“Excuse me, Sir,” said the storyteller, “but aren’t you being a little literal-minded? These are fairy-stories after all. There’s such a thing as suspension of disbelief.”

“Surely I’ve suspended my disbelief quite enough,” said the Prince, “by accepting the existence of a bad-tempered fairy godmother so precise that she can curse a young woman to sleep sixteen years on the dot from her birth? And what about temporal discontinuity? The prince arrives in the sleeping beauty’s future yet when she awakens, they are not only the same age, but they can talk the same language and seem unconcerned about differences in technology that may have occurred during the intervening years.”

“The hundred-year sleep is a plot-device,” insisted the storyteller, a young man who rather fancied his own narrative skills. “It alludes to the regrettable tendency some young women have, of being passive towards their own future well-being. You could say, a ‘sleeping beauty’ is the opposite of a ‘Cinderella’ because she doesn’t engage with her own story, not even to the extent of dressing up for a ball–”

“That’s true,” said the Prince, “and I agree it’s an interesting, attention-getting device. However, I’ve always thought the prince in this story behaves rather strangely. Yes, there are different versions but in all of them he pretty much goes straight up to the princess’s sleeping chamber. In some versions we’re told that she is or was his betrothed, but if so, no explanation is given for the mismatch in age. I mean, if she has fallen asleep for some period of time, surely he was either too young for her when they first met or else he’s grown completely decrepit by the time she’s awake?”

The storyteller wasn’t ready to give up, claiming once again that the Prince was being too literal minded. “All right, then!” exclaimed the Prince, “I wasn’t going to mention my final reason for disliking this story, because it’s a bit indelicate. But you’ve pushed me, so I’ll go ahead and say that I think it’s utterly lacking in common human decency for one person to accost another person when they’re unconscious. Leaving aside the issue of germs and contamination, the fact remains this prince actually kisses a young woman without even trying to wake her up in advance. In my opinion, that represents a violation of her rights as a sovereign human being and provides a very poor example for young people these days. It’s entirely shocking that such stories are considered suitable for children. Next, please?”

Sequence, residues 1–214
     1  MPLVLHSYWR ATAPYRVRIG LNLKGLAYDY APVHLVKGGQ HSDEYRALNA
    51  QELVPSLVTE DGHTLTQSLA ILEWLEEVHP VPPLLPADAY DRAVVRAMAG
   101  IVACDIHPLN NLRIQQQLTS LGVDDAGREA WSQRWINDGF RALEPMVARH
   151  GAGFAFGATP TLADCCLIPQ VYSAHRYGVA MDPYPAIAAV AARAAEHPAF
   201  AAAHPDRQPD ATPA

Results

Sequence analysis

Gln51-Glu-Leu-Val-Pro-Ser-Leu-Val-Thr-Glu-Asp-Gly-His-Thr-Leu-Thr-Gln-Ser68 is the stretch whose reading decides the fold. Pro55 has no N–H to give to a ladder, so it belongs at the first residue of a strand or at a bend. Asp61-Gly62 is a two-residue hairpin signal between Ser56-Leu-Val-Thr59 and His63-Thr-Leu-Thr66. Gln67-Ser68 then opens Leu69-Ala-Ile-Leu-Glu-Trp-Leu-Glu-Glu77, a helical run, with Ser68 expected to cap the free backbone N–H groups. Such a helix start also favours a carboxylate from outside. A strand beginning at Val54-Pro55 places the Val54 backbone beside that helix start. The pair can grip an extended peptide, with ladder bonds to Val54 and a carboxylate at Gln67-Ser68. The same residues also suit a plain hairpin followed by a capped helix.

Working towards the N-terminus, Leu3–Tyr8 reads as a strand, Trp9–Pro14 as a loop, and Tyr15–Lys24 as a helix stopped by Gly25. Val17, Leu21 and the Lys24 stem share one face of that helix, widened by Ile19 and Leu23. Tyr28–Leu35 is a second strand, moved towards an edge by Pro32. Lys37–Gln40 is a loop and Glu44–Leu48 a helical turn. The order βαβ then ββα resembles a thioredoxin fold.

The fourth storyteller came forward and introduced his tale. “Oh, Snow-White,” sighed the Prince. “Here we go again. Yet another beautiful princess falls into a death-like sleep only to be revived by yet another royal adventurer who applies his mouth to a girl while she sleeps! It’s really quite depressing.”

“Sire,” said the storyteller, “I accept some of your objections and maybe we can alter those details of the story but – what about the tragic circumstances leading up to this girl’s death-like sleep? What about the courage she shows when she’s abandoned in the woods?”